Beetroot & Spinach & Lovely Bright Berries
Rhubarb & Buckwheat & Baked Sweet Potato
Black Tea & Green Tea & All My Dark Chocolate Sins
These are a few of my favourite things!!
Sounds like a kitchen roll-call at my house…how about yours? And your patients?!! You see I’ve been working away researching Oxaluria – a condition whereby individuals end up with too many oxalates in their body and ultimately their urine – which can be a problem in a proportion of people suffering with kidney stones, vulvodynia, joint pain etc and anyone with CKD and on my travels I came across this article on how the regular intake of green smoothies could in fact turn someone with normal oxlate levels and handling, into someone who has an acute induced Oxaluria. Yup.
Nobody panic. Remember this is not going to be problematic in all patients but just might be in some. But it left me wondering if we ‘clean-diet-prescribing-practitioners’ know all we really need to about, who not to prescribe green drinks to (or beetroot juice for that matter) and cap ‘ye olde’ dark chocolate quota for!
Or…keep them eating all these fabulous generally healthy foods but mitigate any elevated oxalate risk through correct food preparation & combinations?
There’s so much more to this topic than meets the eye. Because on top of what you eat, there’s the huge variability in terms of what you absorb…think it’s as simple as, whether someone has Oxalobacter in their bowel or not? Nope. Oh…and then there’s the 3rd element: how much you make yourselves…that’s where we need to have a serious chat about collagen, high dose turmeric & vitamin C supplements in susceptible individuals, people. Want to read more yourself? Here’s somewhere to start on the giant pile of papers here.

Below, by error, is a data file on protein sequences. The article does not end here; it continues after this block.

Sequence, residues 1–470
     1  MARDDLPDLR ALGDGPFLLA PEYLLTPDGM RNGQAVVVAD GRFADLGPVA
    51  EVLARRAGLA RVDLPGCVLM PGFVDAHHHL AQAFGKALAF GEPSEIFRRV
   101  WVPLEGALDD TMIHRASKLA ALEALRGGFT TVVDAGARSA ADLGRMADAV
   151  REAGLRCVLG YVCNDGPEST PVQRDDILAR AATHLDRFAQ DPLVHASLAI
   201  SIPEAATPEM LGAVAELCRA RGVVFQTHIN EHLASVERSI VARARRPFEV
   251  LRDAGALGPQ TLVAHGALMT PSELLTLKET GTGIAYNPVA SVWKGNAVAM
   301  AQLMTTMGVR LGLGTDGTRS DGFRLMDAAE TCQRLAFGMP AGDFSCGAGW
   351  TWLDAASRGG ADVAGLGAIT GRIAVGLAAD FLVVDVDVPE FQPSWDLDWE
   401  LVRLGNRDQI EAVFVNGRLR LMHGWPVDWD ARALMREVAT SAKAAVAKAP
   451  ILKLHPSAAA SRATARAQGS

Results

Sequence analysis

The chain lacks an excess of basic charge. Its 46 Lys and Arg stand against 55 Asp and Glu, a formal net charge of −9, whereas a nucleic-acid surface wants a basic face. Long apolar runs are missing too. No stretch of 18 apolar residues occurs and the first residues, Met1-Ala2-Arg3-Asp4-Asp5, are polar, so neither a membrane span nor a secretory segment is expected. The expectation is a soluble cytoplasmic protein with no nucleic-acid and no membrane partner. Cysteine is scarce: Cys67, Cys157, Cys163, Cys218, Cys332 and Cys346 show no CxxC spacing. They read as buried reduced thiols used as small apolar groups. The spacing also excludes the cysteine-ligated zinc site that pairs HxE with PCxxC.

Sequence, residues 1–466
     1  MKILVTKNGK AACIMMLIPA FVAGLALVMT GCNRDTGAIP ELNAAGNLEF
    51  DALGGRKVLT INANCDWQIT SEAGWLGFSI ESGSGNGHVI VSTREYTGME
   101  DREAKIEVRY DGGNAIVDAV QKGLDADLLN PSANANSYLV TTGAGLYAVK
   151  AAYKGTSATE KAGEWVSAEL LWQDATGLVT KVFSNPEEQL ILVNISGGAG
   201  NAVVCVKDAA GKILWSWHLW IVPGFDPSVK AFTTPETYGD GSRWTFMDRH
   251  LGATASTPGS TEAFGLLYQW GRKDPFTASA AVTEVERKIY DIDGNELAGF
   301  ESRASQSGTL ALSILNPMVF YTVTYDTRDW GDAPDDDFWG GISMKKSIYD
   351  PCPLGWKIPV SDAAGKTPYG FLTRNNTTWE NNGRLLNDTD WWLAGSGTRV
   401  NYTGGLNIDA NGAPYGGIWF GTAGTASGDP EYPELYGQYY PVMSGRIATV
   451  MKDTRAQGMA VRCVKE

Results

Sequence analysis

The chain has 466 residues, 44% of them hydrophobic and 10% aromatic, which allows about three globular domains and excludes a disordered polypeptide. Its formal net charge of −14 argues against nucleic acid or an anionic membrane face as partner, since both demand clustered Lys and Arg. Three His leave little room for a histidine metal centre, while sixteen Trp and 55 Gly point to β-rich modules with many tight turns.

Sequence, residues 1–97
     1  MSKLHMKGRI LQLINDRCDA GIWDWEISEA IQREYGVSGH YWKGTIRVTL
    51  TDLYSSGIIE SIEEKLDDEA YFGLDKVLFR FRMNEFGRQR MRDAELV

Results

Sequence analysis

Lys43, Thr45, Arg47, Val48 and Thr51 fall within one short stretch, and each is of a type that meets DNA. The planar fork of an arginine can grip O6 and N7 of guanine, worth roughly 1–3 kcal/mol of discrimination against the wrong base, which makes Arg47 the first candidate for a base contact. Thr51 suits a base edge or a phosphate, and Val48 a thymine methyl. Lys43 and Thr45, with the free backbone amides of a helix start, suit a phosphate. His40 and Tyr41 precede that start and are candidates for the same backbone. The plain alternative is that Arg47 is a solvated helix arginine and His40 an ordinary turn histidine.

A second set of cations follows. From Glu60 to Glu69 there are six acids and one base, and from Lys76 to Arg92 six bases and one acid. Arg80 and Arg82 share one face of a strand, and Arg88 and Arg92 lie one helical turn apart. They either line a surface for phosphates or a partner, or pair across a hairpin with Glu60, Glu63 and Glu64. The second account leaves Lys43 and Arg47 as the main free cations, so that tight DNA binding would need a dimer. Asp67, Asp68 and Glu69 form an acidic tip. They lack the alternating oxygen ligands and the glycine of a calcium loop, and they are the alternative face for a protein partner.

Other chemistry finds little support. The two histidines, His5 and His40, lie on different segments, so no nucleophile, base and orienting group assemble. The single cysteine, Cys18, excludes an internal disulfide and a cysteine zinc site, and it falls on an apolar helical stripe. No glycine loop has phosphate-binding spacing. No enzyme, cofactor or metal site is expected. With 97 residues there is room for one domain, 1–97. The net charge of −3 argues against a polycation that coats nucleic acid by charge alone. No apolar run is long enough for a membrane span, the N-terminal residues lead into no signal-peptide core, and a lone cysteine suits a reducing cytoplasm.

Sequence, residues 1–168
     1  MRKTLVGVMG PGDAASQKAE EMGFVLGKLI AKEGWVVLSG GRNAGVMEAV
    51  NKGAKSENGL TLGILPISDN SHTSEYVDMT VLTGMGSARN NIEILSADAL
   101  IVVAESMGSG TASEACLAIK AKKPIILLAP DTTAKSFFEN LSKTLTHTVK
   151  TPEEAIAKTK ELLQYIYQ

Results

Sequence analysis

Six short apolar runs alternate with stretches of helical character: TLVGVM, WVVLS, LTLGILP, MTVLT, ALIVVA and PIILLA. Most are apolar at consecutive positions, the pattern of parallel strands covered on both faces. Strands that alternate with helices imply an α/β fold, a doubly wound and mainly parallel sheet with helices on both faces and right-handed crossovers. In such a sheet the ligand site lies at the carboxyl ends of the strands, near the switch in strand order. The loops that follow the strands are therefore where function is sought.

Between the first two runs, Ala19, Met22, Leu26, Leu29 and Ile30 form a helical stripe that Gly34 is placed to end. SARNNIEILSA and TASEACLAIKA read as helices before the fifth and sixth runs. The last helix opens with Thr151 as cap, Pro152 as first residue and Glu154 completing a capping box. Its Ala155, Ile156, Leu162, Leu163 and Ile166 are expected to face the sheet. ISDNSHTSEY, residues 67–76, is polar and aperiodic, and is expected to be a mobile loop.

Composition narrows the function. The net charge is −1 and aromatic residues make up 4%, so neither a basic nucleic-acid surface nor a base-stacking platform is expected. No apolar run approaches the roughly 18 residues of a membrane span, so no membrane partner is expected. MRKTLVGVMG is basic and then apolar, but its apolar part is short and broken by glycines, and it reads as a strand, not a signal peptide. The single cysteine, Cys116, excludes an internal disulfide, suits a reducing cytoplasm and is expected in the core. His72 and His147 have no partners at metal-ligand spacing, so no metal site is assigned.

Want to take a walk down Oxalate Boulevard with me, as we make our way back to talking about Getting to the Guts of Women & Joint Pain... well, check this out…
Oxalates are found in high concentrations in many of the ‘healthy food choices’ we promote and are even higher again, when these are organically farmed! Given the importance of individualising therapeutic diets are we able to quickly recognise those who need to lower their low of these naturally occurring plant products? Who shouldn’t be drinking green juices? And which of our patients might benefit from being educated about different food combinations and preparation to lower the oxalate load from these otherwise fabulous foods?